The Roar of the Asian Economy: Consumption growth is set to make Asia the economic centre of the world

In a two-part series, the Warwick Economics Summit explores how Asia is set to transform the world over the course of the next decade. Primarily using research from McKinsey, we discuss how changing consumption, trade and business patterns are set to reshape the global economy, and how the might of the Asian consumer is pulling the centre of economic gravity towards them.

The economic centre of power is shifting, that much is accepted. But in the second part of the series, we wonder if the political power will shift as well, most notably the tango of values between the United States and China. It might be the case that the economic engine of the world is the East, but the political driver may very well be the West. 

In the turn of the 21st century, Asia only made up 33 percent of global GDP, but by 2040 it is on track to surpass 50 percent. For years now, observers have predicted a roaring Asian economy will soon join the world in equal footing, and they are right. Business leaders and politicians are now looking eastward, as the might of the Asian consumer is pulling the centre of economic gravity towards them. We see this through changing patterns of trade and consumer demand, as well as increasingly profitable business opportunities in the region. 

Propelling 1.2 billion people out of poverty and into the consuming class is one of the greatest economic stories in history, and it is a story told by Asia. Research from McKinsey projects that Asia will contribute more than 50% to all consumption growth over the next decade. The growing Asian middle class will soon be 3 billion strong, the research notes, with Southeast Asia alone adding 80 million to that number. This number is expected to double by 2030, even as the birth rate falls across the Asian region.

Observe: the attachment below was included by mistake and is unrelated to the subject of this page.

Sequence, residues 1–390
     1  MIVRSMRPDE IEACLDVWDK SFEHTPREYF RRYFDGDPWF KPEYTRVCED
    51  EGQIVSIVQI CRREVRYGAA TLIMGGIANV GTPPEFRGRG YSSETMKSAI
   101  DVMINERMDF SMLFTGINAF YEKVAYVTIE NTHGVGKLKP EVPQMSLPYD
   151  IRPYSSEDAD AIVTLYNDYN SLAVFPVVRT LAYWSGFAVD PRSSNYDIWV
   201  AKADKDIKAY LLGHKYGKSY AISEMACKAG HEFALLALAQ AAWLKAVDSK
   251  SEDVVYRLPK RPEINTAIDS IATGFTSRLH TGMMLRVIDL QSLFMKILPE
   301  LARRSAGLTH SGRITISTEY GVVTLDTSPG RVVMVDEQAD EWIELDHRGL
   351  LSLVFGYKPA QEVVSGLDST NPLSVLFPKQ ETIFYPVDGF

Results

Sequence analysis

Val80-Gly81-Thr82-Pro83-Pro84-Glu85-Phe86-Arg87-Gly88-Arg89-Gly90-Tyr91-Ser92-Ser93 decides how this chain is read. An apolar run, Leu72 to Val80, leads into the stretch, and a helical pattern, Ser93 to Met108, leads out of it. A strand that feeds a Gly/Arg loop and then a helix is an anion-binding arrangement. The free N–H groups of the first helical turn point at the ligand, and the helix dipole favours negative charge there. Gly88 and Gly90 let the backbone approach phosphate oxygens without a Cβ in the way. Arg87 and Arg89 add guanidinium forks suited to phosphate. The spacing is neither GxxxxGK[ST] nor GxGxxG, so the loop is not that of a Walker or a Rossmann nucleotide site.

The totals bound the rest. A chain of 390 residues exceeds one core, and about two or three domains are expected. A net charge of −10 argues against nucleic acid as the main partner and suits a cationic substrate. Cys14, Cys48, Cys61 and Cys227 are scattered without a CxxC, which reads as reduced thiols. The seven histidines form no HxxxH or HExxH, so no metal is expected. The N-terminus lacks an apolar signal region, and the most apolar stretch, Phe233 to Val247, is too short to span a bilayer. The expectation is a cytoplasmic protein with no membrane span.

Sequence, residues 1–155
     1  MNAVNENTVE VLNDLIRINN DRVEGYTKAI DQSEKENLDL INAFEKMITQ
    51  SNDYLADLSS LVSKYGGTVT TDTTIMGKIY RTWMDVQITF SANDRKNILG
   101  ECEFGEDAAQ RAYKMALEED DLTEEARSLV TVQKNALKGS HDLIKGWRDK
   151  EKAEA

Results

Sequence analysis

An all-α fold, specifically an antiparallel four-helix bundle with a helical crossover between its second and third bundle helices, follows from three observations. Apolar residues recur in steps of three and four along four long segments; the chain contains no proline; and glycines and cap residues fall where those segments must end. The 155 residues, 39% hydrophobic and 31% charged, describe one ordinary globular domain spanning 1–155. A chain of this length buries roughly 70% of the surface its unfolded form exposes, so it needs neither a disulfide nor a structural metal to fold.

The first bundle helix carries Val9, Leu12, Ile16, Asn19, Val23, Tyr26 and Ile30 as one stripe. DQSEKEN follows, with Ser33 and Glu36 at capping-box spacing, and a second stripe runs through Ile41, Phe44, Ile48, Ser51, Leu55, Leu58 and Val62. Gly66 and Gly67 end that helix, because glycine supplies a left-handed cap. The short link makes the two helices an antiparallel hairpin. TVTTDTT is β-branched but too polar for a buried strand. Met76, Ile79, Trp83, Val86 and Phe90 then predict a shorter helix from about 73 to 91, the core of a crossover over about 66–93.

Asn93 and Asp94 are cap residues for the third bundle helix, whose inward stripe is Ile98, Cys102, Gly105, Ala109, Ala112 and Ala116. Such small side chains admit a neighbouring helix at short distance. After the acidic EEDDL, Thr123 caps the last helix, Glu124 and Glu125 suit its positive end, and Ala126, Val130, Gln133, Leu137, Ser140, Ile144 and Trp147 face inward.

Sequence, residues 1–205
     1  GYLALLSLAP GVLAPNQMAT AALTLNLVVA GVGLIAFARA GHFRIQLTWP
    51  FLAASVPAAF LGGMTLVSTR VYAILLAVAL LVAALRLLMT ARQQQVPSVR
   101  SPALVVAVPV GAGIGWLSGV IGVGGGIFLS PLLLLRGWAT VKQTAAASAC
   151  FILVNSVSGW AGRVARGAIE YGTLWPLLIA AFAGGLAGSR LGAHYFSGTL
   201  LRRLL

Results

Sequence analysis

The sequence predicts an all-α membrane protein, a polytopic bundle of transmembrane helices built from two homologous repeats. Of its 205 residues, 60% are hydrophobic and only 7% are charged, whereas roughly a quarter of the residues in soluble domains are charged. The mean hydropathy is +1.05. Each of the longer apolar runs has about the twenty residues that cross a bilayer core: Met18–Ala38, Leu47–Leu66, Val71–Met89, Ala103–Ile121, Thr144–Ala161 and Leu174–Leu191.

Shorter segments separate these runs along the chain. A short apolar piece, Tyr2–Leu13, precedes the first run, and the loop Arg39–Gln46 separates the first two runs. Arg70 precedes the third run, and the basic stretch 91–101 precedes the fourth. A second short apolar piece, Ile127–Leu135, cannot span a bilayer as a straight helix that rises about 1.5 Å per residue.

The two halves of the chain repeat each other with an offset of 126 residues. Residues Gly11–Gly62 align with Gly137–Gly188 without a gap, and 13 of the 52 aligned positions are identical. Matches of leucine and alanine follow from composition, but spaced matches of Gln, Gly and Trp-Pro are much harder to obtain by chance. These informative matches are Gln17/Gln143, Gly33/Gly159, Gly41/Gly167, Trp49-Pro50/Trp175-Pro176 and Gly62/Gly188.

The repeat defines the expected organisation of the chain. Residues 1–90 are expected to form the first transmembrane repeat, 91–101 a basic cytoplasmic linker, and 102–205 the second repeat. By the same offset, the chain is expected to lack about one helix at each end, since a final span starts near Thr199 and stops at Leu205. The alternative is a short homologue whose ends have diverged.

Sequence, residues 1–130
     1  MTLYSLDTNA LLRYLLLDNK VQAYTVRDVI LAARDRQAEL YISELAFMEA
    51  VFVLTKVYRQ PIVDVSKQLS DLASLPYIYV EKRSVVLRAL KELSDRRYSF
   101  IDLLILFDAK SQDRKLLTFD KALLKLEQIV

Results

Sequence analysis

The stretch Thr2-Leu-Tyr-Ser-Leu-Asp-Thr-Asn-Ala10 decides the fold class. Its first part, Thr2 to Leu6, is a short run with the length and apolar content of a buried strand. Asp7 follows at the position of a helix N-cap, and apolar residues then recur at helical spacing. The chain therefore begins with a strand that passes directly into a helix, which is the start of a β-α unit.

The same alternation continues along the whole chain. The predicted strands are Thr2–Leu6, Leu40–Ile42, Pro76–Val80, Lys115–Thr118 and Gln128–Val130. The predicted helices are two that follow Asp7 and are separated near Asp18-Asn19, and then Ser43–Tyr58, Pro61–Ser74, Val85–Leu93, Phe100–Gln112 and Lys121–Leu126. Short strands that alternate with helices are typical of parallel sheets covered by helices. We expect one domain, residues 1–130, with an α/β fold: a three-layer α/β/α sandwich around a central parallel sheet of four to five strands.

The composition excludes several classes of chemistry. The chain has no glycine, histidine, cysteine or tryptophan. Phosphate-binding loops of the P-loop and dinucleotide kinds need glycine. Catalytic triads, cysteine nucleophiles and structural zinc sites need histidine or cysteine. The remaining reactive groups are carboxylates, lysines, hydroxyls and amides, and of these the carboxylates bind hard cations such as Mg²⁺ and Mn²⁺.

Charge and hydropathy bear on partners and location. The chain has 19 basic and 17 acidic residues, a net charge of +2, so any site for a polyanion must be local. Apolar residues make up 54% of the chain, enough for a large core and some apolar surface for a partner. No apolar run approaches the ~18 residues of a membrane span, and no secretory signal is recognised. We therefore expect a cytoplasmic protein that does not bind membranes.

China’s working-age population is touted to be a major demographic group to generate a large share of urban consumption growth through 2030. These individuals are more optimistic about their future and are willing to spend a greater share of their disposable income than previous generations, McKinsey explains, and are more willing to pay a premium for new and innovative technological products. A quality education, most likely in the United States, will take the lion’s share of consumer spending – 12.5 percent of all consumption growth. Most notably, the wealthy Chinese consumer has expensive taste. In 2018, around 30 million Chinese consumers accounted for one-third of global spending on luxury goods and are projected to double by 2025. 

Recently, figures in international trade between the East and the West warrants an interesting observation. Global output is rising in both regions, but the share of goods traded across borders fallen by 5.6 percentage points. In another research from McKinsey, it notes that China nearly tripled its production of labour-intensive goods from $3.1 trillion to $8.8 trillion over the decade of 2007 to 2017. But yet, the share of exports in China’s gross output has dramatically decreased from 15.5 percent to 8.3 percent.